Ok, next step is still pretty small. I added a red glaze to the white eyes of the Zombie and some pupils to the dude. This was pretty important for me at this  stage to find the figures character fast.

Article that brings you thoughts and examples on how you can paint eyes.

On the following photo you can check out the light situation sketch I am talking about even better, even the photo is worse:

Well, now I am in need of some darker contrast. So far all is basic tone with a little light sketch on the shirts. For gaming models I prefer using washes of several brands to achieve that quick. In this case I used one from Army Painter that I enjoy because of its matt finish when it is dry.

Now comes the brain part where you have to think. 
I am paintign zenithal light now, I can use the basic tone that I applied already by using the wash mainly in the shadow areas. On the following example you can see what I am talking about. The shadows are more dirty/darker from the wash, his chest is kind of still basic tone and I got the light situation from my white sketch. It all now comes together when you apply the wash. Make sure you understand the light situation of your model to apply it fast and well placed.

Mainly everything was covered in the wash, but areas facing more to the zenithal light did not recieve such a strong apply of it. I hope you understand what I am trying to explain here ...

It looks dirty here and there but I do not care as they are planned as quick gaming figures, maybe I should have taken more time to cut away mouldlines, eh?

There are no extra lights painted so far, the light you see at the trouser, skin and the part of the shirt on the belly are just from the basic tone. Plow! Plow! Now the pure white zenithal light sketch I did to the white shirts look even more intese. There is the saying that a light only works with a shadow. Here you can see that too.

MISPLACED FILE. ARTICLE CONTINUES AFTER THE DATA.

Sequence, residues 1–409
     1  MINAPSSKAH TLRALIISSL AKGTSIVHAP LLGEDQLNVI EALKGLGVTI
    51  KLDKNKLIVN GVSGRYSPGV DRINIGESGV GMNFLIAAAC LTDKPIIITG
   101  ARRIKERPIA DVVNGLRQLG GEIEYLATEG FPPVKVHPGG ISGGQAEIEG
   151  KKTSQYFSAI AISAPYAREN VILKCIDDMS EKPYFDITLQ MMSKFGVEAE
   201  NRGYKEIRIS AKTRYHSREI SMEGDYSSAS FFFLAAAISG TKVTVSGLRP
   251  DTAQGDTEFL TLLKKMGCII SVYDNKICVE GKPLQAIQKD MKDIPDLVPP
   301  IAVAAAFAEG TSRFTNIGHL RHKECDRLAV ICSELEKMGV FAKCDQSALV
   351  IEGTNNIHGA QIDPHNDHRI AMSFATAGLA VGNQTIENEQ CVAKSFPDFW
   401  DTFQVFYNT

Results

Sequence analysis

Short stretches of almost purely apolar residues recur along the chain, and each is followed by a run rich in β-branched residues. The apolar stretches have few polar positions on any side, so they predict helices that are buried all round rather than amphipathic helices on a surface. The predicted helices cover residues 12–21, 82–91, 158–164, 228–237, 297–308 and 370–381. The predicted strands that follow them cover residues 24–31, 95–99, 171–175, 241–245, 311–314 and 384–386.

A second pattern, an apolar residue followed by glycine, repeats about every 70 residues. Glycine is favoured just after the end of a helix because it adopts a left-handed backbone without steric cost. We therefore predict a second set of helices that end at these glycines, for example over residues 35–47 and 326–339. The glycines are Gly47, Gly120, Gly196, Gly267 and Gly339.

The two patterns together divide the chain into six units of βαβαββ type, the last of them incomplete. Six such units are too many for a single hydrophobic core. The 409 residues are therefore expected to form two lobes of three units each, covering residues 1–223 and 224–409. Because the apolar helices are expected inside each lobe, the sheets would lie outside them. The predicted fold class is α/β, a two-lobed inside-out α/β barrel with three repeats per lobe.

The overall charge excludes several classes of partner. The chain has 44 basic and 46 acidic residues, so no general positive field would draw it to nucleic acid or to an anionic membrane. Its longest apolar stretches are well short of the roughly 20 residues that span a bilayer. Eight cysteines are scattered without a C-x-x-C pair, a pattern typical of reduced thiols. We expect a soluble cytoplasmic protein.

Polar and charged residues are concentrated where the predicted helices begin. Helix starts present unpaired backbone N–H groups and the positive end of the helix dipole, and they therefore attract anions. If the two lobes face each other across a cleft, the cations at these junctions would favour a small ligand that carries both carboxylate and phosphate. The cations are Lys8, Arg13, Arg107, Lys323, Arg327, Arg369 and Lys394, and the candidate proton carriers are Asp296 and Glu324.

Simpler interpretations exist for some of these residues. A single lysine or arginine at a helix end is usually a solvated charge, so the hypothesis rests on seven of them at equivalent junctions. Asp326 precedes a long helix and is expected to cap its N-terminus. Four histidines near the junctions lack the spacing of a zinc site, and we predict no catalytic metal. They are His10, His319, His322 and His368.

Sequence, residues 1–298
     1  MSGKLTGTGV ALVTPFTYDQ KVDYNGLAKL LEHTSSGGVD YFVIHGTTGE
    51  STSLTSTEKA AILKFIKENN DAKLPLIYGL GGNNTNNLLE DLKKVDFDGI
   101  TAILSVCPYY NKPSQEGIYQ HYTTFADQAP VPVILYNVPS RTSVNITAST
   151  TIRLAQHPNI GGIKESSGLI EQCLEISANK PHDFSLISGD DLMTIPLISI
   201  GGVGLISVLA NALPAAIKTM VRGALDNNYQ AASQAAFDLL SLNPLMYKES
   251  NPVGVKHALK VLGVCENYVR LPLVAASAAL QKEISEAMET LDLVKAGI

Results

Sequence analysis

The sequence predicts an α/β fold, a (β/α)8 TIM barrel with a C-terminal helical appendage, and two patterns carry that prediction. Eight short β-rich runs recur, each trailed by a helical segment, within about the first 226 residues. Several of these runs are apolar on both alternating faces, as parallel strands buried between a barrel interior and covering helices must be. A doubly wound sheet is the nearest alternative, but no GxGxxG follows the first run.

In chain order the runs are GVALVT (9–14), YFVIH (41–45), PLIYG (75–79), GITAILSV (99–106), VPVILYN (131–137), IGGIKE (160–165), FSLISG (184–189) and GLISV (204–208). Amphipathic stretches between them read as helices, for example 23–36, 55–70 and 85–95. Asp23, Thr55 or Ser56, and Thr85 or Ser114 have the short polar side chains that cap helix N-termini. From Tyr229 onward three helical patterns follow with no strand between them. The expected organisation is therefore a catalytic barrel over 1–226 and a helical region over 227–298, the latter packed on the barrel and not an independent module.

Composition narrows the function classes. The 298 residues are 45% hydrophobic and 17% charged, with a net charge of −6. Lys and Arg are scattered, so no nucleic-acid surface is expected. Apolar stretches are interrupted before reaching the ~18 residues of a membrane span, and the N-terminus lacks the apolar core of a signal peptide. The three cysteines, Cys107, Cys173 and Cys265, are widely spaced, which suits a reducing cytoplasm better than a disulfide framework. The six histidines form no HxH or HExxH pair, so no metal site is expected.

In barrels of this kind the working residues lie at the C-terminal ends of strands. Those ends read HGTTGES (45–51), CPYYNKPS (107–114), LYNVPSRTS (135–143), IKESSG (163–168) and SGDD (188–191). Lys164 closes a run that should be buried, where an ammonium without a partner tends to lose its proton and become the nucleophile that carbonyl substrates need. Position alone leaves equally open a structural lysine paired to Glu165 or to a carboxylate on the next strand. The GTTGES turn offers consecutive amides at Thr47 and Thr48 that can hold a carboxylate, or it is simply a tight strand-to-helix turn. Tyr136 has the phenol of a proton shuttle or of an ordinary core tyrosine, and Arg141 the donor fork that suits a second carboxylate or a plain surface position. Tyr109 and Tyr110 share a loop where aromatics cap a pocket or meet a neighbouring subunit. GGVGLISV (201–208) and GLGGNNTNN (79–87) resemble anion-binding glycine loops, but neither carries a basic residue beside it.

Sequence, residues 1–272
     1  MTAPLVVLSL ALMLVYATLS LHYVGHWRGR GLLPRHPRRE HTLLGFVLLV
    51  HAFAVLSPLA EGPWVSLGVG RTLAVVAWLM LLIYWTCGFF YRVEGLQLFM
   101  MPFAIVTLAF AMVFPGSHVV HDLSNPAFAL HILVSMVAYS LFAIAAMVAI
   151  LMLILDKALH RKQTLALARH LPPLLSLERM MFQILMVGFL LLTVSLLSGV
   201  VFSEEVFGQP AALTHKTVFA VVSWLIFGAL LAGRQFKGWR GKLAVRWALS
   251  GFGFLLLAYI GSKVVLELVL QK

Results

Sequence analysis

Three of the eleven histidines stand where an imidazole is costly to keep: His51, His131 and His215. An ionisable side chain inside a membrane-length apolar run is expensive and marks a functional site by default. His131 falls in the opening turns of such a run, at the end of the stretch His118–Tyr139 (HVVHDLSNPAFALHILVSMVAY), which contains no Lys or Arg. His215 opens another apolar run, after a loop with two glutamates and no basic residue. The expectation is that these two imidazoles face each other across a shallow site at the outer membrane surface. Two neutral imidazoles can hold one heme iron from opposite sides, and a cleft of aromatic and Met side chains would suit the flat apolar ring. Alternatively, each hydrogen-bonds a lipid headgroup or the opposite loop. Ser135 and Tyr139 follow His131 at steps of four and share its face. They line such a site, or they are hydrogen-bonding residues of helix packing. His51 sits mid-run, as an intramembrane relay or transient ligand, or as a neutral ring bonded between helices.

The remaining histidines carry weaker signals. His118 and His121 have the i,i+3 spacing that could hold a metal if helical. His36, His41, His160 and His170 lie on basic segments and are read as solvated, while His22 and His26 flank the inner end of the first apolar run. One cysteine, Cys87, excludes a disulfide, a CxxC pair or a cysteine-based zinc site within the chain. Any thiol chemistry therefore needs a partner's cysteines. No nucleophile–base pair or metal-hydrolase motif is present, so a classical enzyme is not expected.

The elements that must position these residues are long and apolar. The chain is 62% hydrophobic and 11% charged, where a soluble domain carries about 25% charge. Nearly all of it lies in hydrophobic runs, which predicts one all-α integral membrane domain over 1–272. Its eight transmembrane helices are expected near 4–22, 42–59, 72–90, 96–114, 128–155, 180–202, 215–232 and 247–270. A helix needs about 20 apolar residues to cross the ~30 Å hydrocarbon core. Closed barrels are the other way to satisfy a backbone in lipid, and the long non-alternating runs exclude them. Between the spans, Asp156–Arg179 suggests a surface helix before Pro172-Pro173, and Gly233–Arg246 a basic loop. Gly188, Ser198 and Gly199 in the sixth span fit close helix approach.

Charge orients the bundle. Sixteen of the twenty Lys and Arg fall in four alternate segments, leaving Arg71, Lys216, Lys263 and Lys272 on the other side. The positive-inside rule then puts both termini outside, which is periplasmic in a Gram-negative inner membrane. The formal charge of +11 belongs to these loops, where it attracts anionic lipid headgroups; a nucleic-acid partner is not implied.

Next I used some dark brown pigments to the bases to give it another colour overall. I also hit the feet and trousers sometimes, makes it all look dusty.

The next step was adding some additinal lights, for example on the hair. I also cleaned up all the areas a little bit by using my basic tone again with a little additon of white, let's say a bright version of my basictones. I used them to intensify small lights on the trousers, on the shirt and skin.

Last step is a pretty simpe one again. During Zombie Apocalypse I imagine eveybody pretty dirty with blood or mud or dust. Somehow I have this picture in my mind. So I went for some dirt and blood areas. I used these effects to alsso hide areas I did not like or to hide away evil mouldlines I did not clean properly first. As said I wanted a quick paintjob and cleaning them during painting and repainting areas was no option at all. Gore time!

Well, painting the base edges black was the last step and the figures were ready to be placed among others. Ths time used on a pair of these was plus/minus 2,5 hours I would say - fine for quick gaming figures. As you can see on the example with more figures I did put several more minutes in one or the other figure, always depending on the character and the details of the sculpt.

For the metallics I went for Model Air's darkest silver tone on a black surface and a hihglight with Model Air silver

While working in such an order there are three very important steps where you can mess up your work:

1. Basic colour via Airbrush, with it you set the athmosphere of the whole piece
2. Choose of basic tones for all the different parts, with it you decide colours of different materials
3. Placing the wash to add more contrast, if you place it all over the place it will look like there is no light situation going on at all. Think before you apply and use the help of zenithal light theory.

The rest will grow from happy painting while doing so ...

Hope you liked the article!
Let me know what you think and ask if there are questions!

Keep on happy painting!